Wednesday, October 31, 2018

#305 - Angels Have No Thought of Ever Returning You

How much do you really know about Halloween!
   Halloween.  You either love it...or you hate it.  There isn't much middle ground on this holiday.  It's not like Arbor Day for people younger than 96 years old or Diwalli for non-Hindus.  It can't come and go without you having realized that it is already past.  No...this one permeates everything around you for weeks.  It sticks to your life from October 1st through the rest of the month just like the the Butterfingers that will stick to your teeth on October 31st after the kids pass out from the sugar crash.

   If you don't like it...maybe join the war that is apparently raging in parts of the US.

   I was never a big fan of the campy, commercialized version of Halloween until I had children.  But, I have always been a fan of the gloomy and of the macabre.

   I prefer a good horror movie to just about any other genre most days of the week.  I've always had a strong fascination for ghost stories and haunted houses and vampires.  It all began with werewolves a few months after I turned 6 years old.
Click the link.  Or I'm gonna
rip your throat out.  With my teeth.

   Just a few days ago I talked about the life-long influence that a certain Michael J. Fox movie had on me as a child back in 1985.  A couple of months down the road, I would come across another of his films that would leave a mark on me as well.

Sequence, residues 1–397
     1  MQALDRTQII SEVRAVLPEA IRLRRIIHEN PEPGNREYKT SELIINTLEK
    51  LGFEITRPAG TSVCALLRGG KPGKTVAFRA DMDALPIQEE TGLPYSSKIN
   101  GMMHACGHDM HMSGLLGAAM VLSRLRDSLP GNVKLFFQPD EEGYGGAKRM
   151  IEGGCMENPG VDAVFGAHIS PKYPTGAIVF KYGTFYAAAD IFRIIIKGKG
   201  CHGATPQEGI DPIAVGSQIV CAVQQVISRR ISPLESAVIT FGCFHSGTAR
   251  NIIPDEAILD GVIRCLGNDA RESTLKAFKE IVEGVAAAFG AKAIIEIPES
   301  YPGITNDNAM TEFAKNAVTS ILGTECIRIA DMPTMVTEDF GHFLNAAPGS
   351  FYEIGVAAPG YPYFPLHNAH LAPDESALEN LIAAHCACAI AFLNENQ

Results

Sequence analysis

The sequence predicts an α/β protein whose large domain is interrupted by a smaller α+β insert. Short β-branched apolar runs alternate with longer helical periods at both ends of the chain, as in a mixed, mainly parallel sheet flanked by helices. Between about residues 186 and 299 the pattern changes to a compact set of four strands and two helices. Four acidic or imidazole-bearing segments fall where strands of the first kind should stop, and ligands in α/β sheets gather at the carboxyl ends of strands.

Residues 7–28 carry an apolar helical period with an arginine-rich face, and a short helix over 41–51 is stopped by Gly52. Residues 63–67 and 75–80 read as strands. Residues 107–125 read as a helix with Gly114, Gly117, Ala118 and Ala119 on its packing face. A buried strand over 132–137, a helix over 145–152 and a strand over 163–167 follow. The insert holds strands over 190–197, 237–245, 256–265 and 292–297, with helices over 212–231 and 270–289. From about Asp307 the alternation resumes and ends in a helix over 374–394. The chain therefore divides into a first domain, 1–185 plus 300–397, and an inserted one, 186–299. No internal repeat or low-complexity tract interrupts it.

Teen Wolf.

   This absolutely laughable movie came out in theaters just shy of two months after Back to The Future released.  It starred Fox as an awkward high school student named Marty McF...I mean, Scott Howard...that learns he is actually a werewolf.

   I sincerely hope you weren't expecting the plot of a mid-80's movie named Teen Wolf to be any deeper than that.

   But, terrible as it was, you can never deny the impact that a strong star presence can have on a film.  Michael J. Fox's Teen Wolf debuted as Number 2 film in America behind...

   ...Michael J. Fox's number 1 film, Back to the Future.

   Throughout the course of the movie, you see how this newfound "fame" changes Marty McF...I mean Scott Howard...and causes him to lose sight of who he really is.  He begins to shun his friends, his love interest, his studies...everything...to fall in line with the IT crowd that, until that point, had nothing to do with him.

   A major contributor to the reputation that the Wolf creates for Scott is that the metamorphosis causes him to attain an NBA caliber basketball ability.  That's the gist of the movie.  Nothing more.  I'm kinda sorry I even brought it up now.

   The terrible music, the terrible acting, the terrible script, the terrible effects...none of it mattered.  Michael P. Keaton, aka Marty McFly, was now also Scott Howard and he could turn into a werewolf.  Sign me up...I'm in.
Nope